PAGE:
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Gastric Cancer: Oral Fluoropyrimidine S-1, Good Standard Therapy in Japan, But Not At Least As Yet in US

Victorian, Brande

doi: 10.1097/01.COT.0000326180.88335.86

NEW YORK CITY—Oral fluoropyrimidine S-1, most widely used against advanced gastric cancer in Japan, is effective as a new standard therapy for patients with advanced and postoperative gastric cancer, according to research discussed here at the Chemotherapy Foundation Symposium by Wasaburo Koizumi, MD, of Kitasato University in Japan, who presented data from three Phase III trials demonstrating the benefits of S-1 compared with current therapies. Researchers in the United States, however, are hesitant to replace the current standard of fluorouracil (5-FU).

Dr. Koizumi began with the recently published ACTS-GC (Adjuvant Chemotherapy of TS-1 for Gastric Cancer) trial, published in the November 1 issue of the New England Journal of Medicine (2007;357:1810–1820), which evaluated the survival of curatively resected gastric cancer patients receiving chemotherapy versus surgery. A total of 1,059 patients were randomized to receive surgery alone or surgery followed by adjuvant chemotherapy with S-1 every six weeks for one year.

The three-year overall survival for the S-1 group was 80%, compared with 70% for the patients receiving surgery alone. The three-year relapse-free survival for the S-1 patients was higher as well, 72%, compared with 60% in the surgery-alone group.

Relapse-free and overall survival were significantly longer in the S-1 group, Dr. Koizumi said, and shows that “postoperative adjuvant chemotherapy with S-1 for gastric cancer is safe and highly effective.”

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In the Japan Clinical Oncology Group 9912 trial, reported at the most recent ASCO Annual Meeting as a late-breaking abstract, Dr. Koizumi and his team studied the superiority of irinotecan plus cisplatin (CPT-11 + CDDP) and the non-inferiority of S-1, compared with 5-FU in the overall survival of 704 randomized patients with unresectable or recurrent gastric adenocarcinoma.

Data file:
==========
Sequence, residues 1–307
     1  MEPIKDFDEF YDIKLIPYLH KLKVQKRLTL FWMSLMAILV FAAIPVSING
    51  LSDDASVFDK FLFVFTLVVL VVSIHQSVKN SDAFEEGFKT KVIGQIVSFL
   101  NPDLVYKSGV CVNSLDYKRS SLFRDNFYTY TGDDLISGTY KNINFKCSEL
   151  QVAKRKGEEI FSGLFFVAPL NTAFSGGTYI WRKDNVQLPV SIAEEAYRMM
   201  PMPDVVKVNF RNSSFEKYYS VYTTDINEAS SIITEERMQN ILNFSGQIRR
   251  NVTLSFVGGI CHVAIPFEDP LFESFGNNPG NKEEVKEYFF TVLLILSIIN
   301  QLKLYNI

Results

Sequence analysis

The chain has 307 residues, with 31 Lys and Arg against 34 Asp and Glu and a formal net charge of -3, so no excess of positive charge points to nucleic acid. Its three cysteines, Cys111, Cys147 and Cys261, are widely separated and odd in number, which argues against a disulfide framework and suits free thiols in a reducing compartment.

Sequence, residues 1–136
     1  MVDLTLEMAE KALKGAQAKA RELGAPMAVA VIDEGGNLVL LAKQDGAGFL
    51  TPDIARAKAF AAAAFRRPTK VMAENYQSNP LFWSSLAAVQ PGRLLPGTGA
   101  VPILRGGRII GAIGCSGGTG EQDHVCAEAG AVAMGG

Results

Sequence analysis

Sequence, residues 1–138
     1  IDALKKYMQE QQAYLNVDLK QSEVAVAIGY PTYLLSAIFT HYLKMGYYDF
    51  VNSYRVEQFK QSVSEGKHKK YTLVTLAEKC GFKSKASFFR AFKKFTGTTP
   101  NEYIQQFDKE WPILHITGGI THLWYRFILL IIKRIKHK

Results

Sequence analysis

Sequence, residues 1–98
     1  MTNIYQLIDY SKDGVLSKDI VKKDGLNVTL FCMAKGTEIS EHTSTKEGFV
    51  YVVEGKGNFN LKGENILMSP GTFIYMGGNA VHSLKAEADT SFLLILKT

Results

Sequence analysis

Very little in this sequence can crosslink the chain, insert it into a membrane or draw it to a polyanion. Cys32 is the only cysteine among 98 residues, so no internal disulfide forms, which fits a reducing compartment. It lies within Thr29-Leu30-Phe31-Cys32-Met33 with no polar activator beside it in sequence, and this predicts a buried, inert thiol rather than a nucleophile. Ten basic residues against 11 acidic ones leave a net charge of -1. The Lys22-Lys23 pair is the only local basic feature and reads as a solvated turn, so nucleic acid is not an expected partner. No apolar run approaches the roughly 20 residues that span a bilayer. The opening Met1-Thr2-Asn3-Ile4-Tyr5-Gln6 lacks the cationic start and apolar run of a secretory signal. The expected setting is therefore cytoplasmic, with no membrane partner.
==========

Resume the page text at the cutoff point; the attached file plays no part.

The median survival time for the 5-FU group was 10.8 months; for the S-1 group, 11.4 months; and for the CPT-11 + CDDP group, 12.3 months.

Dr. Koizumi said that S-1 should be regarded as standard therapy for both unresectable and postoperative patients with gastric cancer, adding that in this study S-1 showed a significant non-inferiority to 5-FU, which was associated with milder toxicity and longer unhospitalized survival.

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Several Differences between Japan & US

However, asked for his opinion for this article, Manish Shah, MD, a gastric cancer specialist at Memorial Sloan-Kettering Cancer Center, said he is not convinced that S-1 provides superior benefit over 5-FU, which combined with radiation, is the standard treatment in the United States, he noted.

“Disease in Japan might be a little bit different than the disease here in the United States. The survival is a little bit different, surgery is a little bit different, and the dose of S-1 that is given is different,” Dr. Shah said in a telephone interview following the symposium. “People in the United States or in western countries can't tolerate the full dose of S-1, because we metabolize it differently.”